Seagate launches 10GBps flash drive that's Open Compute Project compatible

Seagate says that OCP flash card add-on cards are growing in popularity. Will OCP adoption grow beyond large enterprises and cloud providers.
Written by Larry Dignan, Contributor

Seagate on Tuesday launched 10 gigabyte per second solid state drive that meets Open Compute Project specs. With the launch, Seagate is hoping to put its storage wares in more hyperscale data centers.

The storage giant's launch comes as a bevy of vendors will announce systems to target cloud computing providers. Seagate is among the largest providers of flash storage that conforms to OCP specifications.

According to Seagate, the 10GBps unit, which will be released this summer, is 4GB/s faster than the previous fastest drive. Facebook's OCP effort led to Seagate's specs.

Tony Afshary, director of marketing for flash products, said the drive will hit the market under the Nytro brand of add-in cards.

Seagate's technology supports the Non-Volatile Memory Express (NVMe) protocol that was developed by vendors to replace Serial AT Attachment (SATA) standards. NVMe is designed to link flash devices with fewer commands. Seagate's drive is the first OCP and NVMe compliant drive.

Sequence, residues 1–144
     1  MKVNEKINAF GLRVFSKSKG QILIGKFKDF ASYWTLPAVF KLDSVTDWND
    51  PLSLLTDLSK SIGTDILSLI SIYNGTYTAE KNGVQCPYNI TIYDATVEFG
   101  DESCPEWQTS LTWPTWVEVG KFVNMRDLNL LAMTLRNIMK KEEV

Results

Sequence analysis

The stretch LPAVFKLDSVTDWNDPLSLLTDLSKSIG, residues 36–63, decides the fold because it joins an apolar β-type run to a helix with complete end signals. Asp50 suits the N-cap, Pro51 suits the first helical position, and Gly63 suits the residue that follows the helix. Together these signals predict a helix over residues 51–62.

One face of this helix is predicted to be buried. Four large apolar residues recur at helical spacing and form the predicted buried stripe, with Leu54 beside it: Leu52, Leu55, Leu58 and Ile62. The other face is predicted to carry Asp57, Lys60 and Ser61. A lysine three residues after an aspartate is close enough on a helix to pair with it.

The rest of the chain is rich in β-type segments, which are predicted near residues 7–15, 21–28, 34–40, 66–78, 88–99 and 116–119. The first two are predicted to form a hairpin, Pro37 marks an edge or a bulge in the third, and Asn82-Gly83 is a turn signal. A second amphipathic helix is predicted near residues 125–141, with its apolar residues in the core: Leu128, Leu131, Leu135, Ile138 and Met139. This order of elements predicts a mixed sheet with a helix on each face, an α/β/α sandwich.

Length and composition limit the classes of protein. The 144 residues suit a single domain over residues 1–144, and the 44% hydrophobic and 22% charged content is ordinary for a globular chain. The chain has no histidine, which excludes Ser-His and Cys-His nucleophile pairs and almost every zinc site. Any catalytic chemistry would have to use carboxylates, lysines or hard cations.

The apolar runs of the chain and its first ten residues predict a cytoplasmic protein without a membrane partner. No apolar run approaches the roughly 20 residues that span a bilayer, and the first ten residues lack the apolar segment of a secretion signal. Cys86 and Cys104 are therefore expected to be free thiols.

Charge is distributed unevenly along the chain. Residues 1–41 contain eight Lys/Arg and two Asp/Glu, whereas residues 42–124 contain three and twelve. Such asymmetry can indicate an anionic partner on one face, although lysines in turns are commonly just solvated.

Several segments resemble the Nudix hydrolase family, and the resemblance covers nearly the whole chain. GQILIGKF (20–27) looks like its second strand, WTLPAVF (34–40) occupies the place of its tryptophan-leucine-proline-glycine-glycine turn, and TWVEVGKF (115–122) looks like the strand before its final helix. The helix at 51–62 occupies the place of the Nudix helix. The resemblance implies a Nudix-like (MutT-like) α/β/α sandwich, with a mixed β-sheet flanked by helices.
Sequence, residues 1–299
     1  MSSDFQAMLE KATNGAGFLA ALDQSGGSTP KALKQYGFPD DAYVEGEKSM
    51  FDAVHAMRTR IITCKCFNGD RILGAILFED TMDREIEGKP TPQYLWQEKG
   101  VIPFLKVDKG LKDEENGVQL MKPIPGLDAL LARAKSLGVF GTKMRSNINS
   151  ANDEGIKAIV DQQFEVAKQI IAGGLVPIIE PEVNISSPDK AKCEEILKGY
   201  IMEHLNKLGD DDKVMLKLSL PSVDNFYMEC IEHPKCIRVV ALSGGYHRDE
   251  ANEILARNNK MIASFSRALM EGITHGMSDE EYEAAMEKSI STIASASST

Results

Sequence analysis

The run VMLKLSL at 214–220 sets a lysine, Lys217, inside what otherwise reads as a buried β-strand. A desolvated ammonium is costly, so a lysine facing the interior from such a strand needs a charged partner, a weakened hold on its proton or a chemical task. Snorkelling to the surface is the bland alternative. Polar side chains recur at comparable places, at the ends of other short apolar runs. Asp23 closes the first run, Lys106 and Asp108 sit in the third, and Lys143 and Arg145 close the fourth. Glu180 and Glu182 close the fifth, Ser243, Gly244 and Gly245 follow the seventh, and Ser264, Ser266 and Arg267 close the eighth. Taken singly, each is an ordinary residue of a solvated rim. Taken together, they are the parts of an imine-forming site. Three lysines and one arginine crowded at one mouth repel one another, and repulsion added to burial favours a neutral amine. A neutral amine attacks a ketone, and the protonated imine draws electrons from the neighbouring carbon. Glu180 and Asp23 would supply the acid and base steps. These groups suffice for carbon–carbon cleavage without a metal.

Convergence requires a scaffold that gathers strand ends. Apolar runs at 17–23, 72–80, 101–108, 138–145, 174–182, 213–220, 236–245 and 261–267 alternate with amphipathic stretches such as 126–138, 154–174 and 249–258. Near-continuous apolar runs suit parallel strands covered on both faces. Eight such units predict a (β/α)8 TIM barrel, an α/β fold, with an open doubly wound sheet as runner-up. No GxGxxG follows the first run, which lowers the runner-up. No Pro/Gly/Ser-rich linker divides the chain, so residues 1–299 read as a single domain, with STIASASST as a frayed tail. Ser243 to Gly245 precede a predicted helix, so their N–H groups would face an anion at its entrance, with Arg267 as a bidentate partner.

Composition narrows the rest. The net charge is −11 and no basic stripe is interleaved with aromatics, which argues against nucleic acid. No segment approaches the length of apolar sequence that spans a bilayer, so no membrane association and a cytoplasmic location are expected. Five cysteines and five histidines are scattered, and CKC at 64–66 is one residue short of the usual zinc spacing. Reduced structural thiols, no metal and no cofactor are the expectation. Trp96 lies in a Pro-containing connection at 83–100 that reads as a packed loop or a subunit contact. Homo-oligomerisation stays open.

Enterprises would also benefit from the technology behind the Seagate drive. Companies would use he faster drive in all-flash arrays or hybrid systems that revolve around big data, cloud apps and analytics.

Seagate's initial OCP-spec drive has 16 PCIe slots. The company is developing a version with 8 PCIe lanes.

Afshary said Seagate has been in the OCP organization for more than two years and the initial focus was hyperscale cloud providers. "But since then OCP has grown quite a bit from a deployment perspective," said Afshary. "Large enterprises building private clouds and scalable infrastructure have been interesting in deploying OCP."

Examples of those deployments would be large banks, financial institutions and telecom companies.

The big question is whether other enterprises will follow the OCP path. Afshary said that OCP adoption will really depend on how much OEMs follow the specifications from Facebook. "Broader adoption depends on what OEMs are doing, the purchase model and who supports it."

Editorial standards